The potential Basic Income pilots in Scotland have the time and resources that other recent pilots have appeared to lack.
Jack Perry, Citizen’s Basic Income Network Scotland Trustee @jackperry01
The past few years have been a mixed bag for those advocating for a Basic Income.
The energy of the idea’s proponents, the profile of the policy and its possibilities, and people’s general curiosity has only risen since the early 2010s, to the extent that it has reached a fever pitch hitherto unseen. Just compare the number of books written on the subject over the past five years compared to the previous 15 and you get an idea of what I mean.
On the other hand, when it comes to implementing or piloting Basic Income, the past few years have been a mixed bag. Switzerland’s plebiscite on whether to introduce a nationwide Basic Income failed to gain the necessary level of support; Finland’s pilot came to an end in January 2019, the preliminary results of which have been mired in misrepresentation and confusion; the Canadian province of Ontario tried to pilot an unconditional payment but this was swiftly dropped once a new administration took office. Our eyes now turn to India, where the state of Sikkim may be the first territory anywhere to introduce a genuine Universal Basic Income.
But despite the lack of buzz in the international media (even, frankly, in the British media), elected officials, experts and researchers are busy looking into the feasibility of what could be a very successful Basic Income pilot. And where is this taking place? Why, in Scotland of course.
In many ways the lack of media attention is both understandable and helpful, as things are only really getting started into looking into the feasibility of running a pilot, let alone actually implementing one. The feasibility study needs to be undertaken and the Scottish Government needs to be convinced of the business case before going ahead, meaning on the current timeline the pilot would not even begin until 2020, running for a minimum of two years with reporting of the pilot’s findings taking place from 2022.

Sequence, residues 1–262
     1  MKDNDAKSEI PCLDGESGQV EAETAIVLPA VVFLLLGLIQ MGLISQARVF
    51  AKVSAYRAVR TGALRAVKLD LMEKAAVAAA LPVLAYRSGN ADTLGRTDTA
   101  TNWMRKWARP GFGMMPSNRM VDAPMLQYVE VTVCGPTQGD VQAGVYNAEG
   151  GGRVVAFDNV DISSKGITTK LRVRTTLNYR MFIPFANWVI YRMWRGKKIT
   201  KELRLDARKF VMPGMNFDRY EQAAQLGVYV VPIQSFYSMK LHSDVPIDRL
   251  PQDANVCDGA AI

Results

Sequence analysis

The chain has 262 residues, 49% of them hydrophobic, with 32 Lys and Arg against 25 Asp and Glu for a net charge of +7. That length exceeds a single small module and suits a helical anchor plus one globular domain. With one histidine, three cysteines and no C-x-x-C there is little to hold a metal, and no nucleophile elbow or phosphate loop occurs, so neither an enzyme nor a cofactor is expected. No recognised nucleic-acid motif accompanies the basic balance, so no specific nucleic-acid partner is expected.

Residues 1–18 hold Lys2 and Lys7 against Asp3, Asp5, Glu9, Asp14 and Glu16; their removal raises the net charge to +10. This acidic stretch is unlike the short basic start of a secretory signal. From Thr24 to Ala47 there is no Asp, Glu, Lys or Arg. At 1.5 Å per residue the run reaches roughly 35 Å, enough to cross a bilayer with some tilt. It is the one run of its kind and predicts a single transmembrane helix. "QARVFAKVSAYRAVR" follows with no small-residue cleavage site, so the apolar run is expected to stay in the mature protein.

However, there is a lot that we already know about the potential pilot. We know that it’s members of the Edinburgh, Fife, Glasgow and North Ayrshire local councils, supported by the NHS Health Scotland and the Improvement Service, who have formed a Scottish Basic Income Steering Group to advance with the feasibility study and the business case for the pilot. We know that any Basic Income pilot in Scotland is likely to focus on poverty reduction, rather than work incentives. Indeed, with the publication of a new Carnegie UK report, entitled Exploring the practicalities of a basic income pilot (which provides some insight into the research that has been done so far, as well as a survey of other Basic Income pilots) some of those involved in the feasibility study have given us an insight into what a potential pilot in Scotland might look like. And from what we can gauge from the report, we’re tentatively optimistic.
Here are some reasons why we think that Scotland’s Basic Income pilots – if they get off the ground – could be a success.
There’s institutional money and support behind it
As events in Finland and Ontario show, Basic Income pilots rarely get anywhere if there is not even tacit support from government institutions. Thankfully, although the pilots are very much being driven by the local councillors as described above, it seems that the Scottish government is curious enough in the idea to provide a £250,000 fund (over two years) for the research into whether a pilot programme would be feasible. In addition, NHS Health Scotland and the Improvement Service are providing evaluation and research support to the local authorities.